# How to typeset and evaluate $u \big|_a^b$

Sometimes I need to evaluate an expression at the end points. e.g. the right hand side of $\int_a^bf(x)\textrm{d}x=F(x)\big|_a^b$. $F(x)$ could be complicated so I can't just substitute the values by hand. I currently do it this way:

(m[a]-m[b] /. m[x_] -> u)


But this introduces a new variable m and doesn't look very elegant. I'm looking for a built-in notation and/or a function for this purpose.

• How about defining a function r[u_, a_, b_] := u[b] - u[a] and applying it to replace rule u[x] /. u[x] -> r[u, a, b]. It will yield: -u[a] + u[b] or for different function u[x] /. u[x] -> r[F, a, b] it will yield -F[a] + F[b] – Wojciech Artichowicz Dec 3 '15 at 11:18
• @WojciechArtichowicz: Actually I don't have FUNCTION F[x], it's just an EXPRESSION u. I would want some function like diff[u,{x,a,b}] more. – Shou Ya Dec 3 '15 at 11:47
• Could you provide an actual simple example of such expression? – Wojciech Artichowicz Dec 3 '15 at 11:52
• First@Differences[expr /. {{x->a}, {x->b}}]? Or (expr /. x->b) - (expr /. x->a}? – Michael E2 Dec 3 '15 at 12:08

diff = Function[{expr},
Subtract @@ (expr /. {{#1 -> #3}, {#1 -> #2}})] &

longComplexExpr[x] // diff[x, 1, 3]
(* - longComplexExpr[1] + longComplexExpr[3] *)


So for integrals:

Integrate[x^2, x] // diff[x, 1, 3]
(* 26/3 *)

Integrate[x^2, {x, 1, 3}]
(* 26/3 *)


I've had a play to try and get a slightly more stylistic solution by creating a new template for the form you want and then assigning it an InputAlias, following closely the work here.

The code below will allow you to access the template by simply typing escbarEvalesc.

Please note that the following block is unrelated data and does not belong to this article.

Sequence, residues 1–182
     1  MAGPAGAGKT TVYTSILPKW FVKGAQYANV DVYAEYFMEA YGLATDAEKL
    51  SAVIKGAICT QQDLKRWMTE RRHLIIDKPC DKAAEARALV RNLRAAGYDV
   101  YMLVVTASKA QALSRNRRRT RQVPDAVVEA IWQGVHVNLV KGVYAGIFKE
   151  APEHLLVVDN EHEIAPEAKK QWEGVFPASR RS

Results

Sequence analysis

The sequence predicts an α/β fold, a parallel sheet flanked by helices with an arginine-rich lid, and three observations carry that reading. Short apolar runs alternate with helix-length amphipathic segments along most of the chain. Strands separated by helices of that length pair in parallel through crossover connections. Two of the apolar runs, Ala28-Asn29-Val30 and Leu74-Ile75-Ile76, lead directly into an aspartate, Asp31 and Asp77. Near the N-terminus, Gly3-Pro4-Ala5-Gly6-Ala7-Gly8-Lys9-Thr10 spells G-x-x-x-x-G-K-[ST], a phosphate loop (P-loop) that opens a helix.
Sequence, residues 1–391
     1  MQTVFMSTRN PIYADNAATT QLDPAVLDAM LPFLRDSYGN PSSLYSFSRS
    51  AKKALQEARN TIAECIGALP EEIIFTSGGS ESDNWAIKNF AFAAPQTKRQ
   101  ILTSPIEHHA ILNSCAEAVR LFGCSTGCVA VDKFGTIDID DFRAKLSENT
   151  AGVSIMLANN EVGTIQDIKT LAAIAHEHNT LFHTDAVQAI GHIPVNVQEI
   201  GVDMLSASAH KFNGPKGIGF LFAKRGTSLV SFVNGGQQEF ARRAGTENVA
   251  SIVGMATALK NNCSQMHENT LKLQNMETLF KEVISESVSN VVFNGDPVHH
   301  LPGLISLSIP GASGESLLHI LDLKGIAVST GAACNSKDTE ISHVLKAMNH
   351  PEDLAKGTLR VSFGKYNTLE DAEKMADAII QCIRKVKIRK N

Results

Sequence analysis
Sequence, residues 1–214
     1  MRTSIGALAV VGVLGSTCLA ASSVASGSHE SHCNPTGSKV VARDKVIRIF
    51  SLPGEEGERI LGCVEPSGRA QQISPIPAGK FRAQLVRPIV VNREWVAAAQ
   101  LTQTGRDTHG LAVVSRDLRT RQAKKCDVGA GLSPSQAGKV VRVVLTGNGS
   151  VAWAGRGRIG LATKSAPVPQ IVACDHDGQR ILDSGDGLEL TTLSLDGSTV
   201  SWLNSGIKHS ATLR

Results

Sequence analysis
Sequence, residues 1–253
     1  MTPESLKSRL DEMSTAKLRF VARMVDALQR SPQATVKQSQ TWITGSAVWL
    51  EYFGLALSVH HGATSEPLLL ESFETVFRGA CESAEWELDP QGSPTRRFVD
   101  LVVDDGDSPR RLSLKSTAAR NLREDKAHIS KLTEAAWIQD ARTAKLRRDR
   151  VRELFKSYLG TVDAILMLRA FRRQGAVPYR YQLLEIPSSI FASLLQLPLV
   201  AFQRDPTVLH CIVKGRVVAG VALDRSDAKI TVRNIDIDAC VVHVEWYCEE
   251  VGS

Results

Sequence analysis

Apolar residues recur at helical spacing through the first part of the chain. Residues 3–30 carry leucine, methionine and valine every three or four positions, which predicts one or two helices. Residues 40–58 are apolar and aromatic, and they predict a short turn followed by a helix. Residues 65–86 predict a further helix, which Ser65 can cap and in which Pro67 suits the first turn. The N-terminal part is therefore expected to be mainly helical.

It will then evaluate the function at the limits and take the difference, as defined in the BarEvaluate function:

Some limitations are:

1. I've been a little hacky in trying to get a longer vertical bar, maybe someone can come up with a better way of producing it? (On my system I can get a proper LaTex one through the MaTeX package).
2. You might need to adapt it for cases when your function F takes more than just the single parameter.

Code:

SetAttributes[BarEvaluate, HoldAll]

BarEvaluate[f_, limits_] := f[limits[[1]]] - f[limits[[2]]]

BarEvaluate /: MakeBoxes[BarEvaluate[f_, {a_, b_}], TraditionalForm] :=
TemplateBox[{ToBoxes[f], ToBoxes[a], ToBoxes[b]},
"conditionalProduct",
DisplayFunction :> (RowBox[{#,
SubsuperscriptBox[
StyleBox["\[VerticalSeparator]", "Subsubtitle"],
InterpretationFunction :> (RowBox[{"BarEvaluate", "[",
RowBox[{#, ",", "{", #2, ",", #3, "}"}], "]"}] &)]

aliases = Options[EvaluationNotebook[], InputAliases];
newAliases =
Join[InputAliases /.
aliases, {"barEval" ->
TemplateBox[{"\[SelectionPlaceholder]", "\[Placeholder]",
"\[Placeholder]"}, "barEvaluate",
DisplayFunction :> (RowBox[{#,
SubsuperscriptBox[
StyleBox["\[VerticalSeparator]", "Subsubtitle"],
InterpretationFunction :> (RowBox[{"BarEvaluate", "[",
RowBox[{#, ",", "{", #2, ",", #3, "}"}], "]"}] &)]}];
SetOptions[EvaluationNotebook[], InputAliases -> newAliases];

• Very useful answer for much broader cases than here. I wish I knew how to search for stuff like that without knowing the keyword InputAliases +1 ofc – LLlAMnYP Dec 3 '15 at 14:44

Here is another version that should typeset and evaluate the way you want. The first step is to use a symbol that supports vertical spanning, and looks like a bar. There are several such symbols, |, \[VerticalSeparator], \[VerticalLine], \[VerticalLine], \[RightBracketingBar] and perhaps some others. I think \[VerticalLine] works best, so I will use that symbol. Next, one needs to restrict the spanning, so that only the selected portion influences the spanning. So, the basic plan is to use the boxes: